Applied Catalysis B: Environmental, Vol.241, 256-269, 2019
Piezoelectric materials for catalytic/photocatalytic removal of pollutants: Recent advances and outlook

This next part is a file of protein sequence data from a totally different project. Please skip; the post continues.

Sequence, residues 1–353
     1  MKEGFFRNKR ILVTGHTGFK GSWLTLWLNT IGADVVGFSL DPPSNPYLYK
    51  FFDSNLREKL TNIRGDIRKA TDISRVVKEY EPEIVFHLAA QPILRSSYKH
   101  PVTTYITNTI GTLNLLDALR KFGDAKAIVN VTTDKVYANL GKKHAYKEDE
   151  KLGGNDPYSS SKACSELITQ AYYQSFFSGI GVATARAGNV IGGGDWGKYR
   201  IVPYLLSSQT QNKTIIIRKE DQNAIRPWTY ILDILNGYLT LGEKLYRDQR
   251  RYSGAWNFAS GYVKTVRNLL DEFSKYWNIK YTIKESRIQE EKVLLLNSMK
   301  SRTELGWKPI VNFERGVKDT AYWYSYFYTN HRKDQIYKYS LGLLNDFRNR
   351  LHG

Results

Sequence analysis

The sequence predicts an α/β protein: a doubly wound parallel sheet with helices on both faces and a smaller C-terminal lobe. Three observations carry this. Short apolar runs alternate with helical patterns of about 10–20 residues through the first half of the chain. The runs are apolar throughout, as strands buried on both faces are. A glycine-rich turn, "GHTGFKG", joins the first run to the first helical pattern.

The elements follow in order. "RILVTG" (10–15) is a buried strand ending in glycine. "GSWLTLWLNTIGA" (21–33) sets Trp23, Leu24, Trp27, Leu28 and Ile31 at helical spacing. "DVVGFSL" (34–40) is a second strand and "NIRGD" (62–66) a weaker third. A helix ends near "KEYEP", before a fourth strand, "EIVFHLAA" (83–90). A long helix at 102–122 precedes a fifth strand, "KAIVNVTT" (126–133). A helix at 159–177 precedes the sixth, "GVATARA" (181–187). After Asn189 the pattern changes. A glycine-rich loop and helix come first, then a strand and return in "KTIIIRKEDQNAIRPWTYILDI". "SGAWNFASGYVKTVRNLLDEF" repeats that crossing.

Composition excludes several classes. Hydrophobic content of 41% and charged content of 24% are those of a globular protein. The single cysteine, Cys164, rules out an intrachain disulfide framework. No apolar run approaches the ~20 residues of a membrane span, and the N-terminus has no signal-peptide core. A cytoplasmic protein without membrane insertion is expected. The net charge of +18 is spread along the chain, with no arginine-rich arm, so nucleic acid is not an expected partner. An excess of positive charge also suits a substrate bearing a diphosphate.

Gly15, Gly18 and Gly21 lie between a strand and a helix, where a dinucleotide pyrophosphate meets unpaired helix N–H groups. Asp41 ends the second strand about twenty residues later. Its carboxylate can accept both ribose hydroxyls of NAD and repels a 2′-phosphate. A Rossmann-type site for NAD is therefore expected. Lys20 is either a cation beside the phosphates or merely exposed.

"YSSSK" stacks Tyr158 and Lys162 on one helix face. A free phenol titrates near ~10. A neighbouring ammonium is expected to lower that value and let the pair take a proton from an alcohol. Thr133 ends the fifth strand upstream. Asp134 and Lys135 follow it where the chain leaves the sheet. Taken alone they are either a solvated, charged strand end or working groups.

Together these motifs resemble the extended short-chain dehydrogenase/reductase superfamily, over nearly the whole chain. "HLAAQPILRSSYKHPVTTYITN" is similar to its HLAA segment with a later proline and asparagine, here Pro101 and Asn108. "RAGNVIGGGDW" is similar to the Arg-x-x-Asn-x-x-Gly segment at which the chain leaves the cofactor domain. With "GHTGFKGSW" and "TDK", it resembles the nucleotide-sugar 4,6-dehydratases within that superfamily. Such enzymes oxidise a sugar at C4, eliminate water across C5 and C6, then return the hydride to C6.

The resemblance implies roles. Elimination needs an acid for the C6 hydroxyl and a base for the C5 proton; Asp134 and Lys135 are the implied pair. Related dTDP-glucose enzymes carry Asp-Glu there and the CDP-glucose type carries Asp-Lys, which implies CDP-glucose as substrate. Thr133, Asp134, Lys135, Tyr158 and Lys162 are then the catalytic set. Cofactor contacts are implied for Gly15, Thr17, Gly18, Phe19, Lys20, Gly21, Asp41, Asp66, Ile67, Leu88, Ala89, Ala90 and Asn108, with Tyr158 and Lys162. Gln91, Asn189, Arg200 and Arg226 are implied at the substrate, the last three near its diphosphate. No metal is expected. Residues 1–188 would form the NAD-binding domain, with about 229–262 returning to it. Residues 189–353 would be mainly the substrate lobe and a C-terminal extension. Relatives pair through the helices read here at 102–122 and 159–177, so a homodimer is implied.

The accumulation of various contaminants in air, soil and water is threatening the natural environment. The remediation of the environmental contaminations is today an urge. Among the remediation methods employed, advanced oxidation processes (AOPs) are a class of techniques based on the in situ generation of highly reactive and oxidizing radical species which can destroy most of the organic pollutants. AOPs driven by light are found to be the most popular for wastewater treatment due to the abundance of solar light in some regions. The removal of organic contaminants using semiconductor-based photocatalysts has been extensively investigated. However, low charge carrier mobility and rapid electron-hole pair recombination are the common problems that limit the semiconductor-based photocatalysis. Although a large number of alternative systems have been investigated, electron-hole pair separation is still too low in photocatalytic systems. A new concept was introduced recently in which the built-in electric field by ferroelectric, pyroelectric and piezoelectric effects in photocatalytic particles was exploited to enhance the separation of photoinduced charge carriers. Among these new systems that are still under investigation, the use of piezoelectric materials in the photodegradation of pollutants recently drew a lot of attention for environmental remediation. Due to the non-centrosymmetric nature, the piezoelectric materials demonstrate unique catalytic properties as a result of the creation of the built-in electric field by the dipole polarization. This latter provides a driving force for the transport of the photoinduced charge carriers enabling their separation. This review covers the use of piezoelectric materials in photocatalysis and catalysis, especially piezoelectric-catalysis, for environmental remediation. The paper details the fundamentals and basic properties of ferroelectric, pyroelectric and piezoelectric materials. The effect of the built-in electric field in these materials on the photocatalysis/catalysis charge carrier separation is discussed. Possible applications of piezoelectric materials in environmental remediation are reviewed and discussed taking into account several different aspects such as the kinetics of the degradation of the organic pollutants and water splitting. Finally, the current research trends and future prospects of piezocatalysis and piezophotocatalysis are discussed.